Good morning, Coug fans!
I don’t know about you- but as excited as I am for tomorrow, I’m also pretty nervous. Oregon State is an impressive opponent, and this game (while highly joked about, myself included) is a chance to open conference play and show exactly who we are. The Beavers are favored, and have run through their last three opponents by significant margins.
There are a few things for Washington State to anticipate heading into the Pac-2 Championship, but I’ve named three!
KEY 1: Washington State needs to keep pressure off Ward
Oregon State’s defensive line is… really good. Not only will our O-Line need to keep pressure off Ward so he has plenty of time to make decisions, they need to be proactive about creating opportunities for the rest of our offense, and containing Oregon State’s defense, which has quickly morphed into something of a powerhouse.
In their last game, Oregon State’s defense got on the line for a four and drop seven, and managed to disarm the SDSU Quarterback with just those four downlinemen. Andrew Chatfield (linebacker) landed his first sack out of two for that game, which was made entirely possible by the rest of the line doing their jobs, and creating an opening through the right tackle.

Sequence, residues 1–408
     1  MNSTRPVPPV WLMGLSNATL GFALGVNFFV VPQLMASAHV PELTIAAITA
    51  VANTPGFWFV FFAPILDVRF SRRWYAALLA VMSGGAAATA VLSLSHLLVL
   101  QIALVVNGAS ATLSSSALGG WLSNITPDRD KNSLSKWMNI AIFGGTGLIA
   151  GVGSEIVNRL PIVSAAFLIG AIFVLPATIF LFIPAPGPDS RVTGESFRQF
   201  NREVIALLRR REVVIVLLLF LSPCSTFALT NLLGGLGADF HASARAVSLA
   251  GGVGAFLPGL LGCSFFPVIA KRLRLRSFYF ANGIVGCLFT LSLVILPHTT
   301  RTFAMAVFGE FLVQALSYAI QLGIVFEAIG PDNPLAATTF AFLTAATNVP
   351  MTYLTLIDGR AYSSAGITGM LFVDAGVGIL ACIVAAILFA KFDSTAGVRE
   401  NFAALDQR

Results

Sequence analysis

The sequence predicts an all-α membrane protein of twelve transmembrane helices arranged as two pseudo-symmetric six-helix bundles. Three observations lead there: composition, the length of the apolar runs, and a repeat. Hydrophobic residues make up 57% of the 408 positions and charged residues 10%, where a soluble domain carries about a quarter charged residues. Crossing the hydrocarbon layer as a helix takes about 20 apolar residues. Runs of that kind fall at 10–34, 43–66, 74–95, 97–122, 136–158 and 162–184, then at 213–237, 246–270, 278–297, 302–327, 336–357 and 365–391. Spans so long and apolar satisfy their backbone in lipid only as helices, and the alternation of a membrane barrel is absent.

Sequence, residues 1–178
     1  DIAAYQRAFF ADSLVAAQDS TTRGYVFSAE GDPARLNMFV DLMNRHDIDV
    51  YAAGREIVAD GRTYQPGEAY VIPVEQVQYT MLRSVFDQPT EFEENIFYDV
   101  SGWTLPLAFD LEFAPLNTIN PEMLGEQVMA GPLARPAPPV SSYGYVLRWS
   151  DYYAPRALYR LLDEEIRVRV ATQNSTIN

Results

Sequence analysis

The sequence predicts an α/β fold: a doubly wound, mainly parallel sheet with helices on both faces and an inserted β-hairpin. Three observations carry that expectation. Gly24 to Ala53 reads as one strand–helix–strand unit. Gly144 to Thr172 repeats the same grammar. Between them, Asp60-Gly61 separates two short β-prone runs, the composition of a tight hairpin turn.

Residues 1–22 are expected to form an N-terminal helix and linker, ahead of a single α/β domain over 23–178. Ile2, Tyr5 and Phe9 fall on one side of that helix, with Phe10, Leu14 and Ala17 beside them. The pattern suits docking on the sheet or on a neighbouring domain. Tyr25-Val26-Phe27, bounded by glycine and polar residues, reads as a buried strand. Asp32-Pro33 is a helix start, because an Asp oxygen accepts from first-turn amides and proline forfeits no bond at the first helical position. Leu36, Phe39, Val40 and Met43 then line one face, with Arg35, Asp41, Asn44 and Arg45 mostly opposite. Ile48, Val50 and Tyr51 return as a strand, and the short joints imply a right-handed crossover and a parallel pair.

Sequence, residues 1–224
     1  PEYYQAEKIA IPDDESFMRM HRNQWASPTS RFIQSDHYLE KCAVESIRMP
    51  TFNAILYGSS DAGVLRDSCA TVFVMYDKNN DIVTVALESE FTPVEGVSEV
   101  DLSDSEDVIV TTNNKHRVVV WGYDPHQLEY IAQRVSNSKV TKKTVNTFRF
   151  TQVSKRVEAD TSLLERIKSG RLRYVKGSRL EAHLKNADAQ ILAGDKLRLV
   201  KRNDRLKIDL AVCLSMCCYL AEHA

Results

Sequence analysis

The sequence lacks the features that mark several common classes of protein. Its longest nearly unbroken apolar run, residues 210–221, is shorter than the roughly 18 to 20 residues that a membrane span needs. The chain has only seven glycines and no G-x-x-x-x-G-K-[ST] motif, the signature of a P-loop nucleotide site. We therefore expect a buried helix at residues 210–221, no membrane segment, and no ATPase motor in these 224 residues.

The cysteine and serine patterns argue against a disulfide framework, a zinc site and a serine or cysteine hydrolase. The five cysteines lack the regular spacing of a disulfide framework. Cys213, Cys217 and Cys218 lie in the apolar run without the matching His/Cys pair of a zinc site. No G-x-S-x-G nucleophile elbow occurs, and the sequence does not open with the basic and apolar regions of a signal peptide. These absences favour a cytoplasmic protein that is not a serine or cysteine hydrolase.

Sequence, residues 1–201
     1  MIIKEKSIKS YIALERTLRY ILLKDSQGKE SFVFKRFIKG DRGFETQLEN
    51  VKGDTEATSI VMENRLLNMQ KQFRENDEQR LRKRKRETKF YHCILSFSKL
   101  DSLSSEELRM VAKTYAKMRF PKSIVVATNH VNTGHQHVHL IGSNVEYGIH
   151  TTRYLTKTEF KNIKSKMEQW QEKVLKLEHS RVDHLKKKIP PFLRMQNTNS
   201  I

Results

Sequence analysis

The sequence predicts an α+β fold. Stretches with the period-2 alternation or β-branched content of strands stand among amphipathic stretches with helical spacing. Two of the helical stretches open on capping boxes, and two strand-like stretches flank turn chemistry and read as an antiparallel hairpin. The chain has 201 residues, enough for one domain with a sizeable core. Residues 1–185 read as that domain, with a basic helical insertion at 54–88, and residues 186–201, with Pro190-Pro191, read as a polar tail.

Will they get away with that against us? I will be the last person to have that staring contest with fate.
These guys are slick, and operate like a well-oiled machine. They’re able to fluctuate between containing quarterbacks, and applying a difficult amount of pressure to them, as shown by their performance against San Jose State week one.
I’ll be bold enough to say it’s essential for us to anticipate their defensive pressure off the bat, contain those breakout rushes, and prevent them to our best ability from running up on Ward. I was anticipating more pressure from Wisconsin, and I believe Oregon State will bring it.
Granted- Ward has proven this season that he can be capable under pressure. There will be a degree of strain, that’s inevitable, but as long as our line is able to keep it relatively at bay, Ward should be able to make things happen.
For example- SDSU had some success with slants and drags, focusing on the middle of the field, forcing the OSU defensive back to scramble. Did he still make the tackle? Yes. But he had to hustle for it. Hopefully our quality of offense is higher than SDSU’s, she says with her tongue in her cheek, and will cause that mixup to prevent tackles, rather than open the door for them.
Oregon State made it clear at the beginning of the season that they would be prioritizing going after QBs. Their secondary has significantly improved since last season, and while we’re allies off the field, I fear there’ll be no holds barred during the game. Both teams will want this win. But more on that later.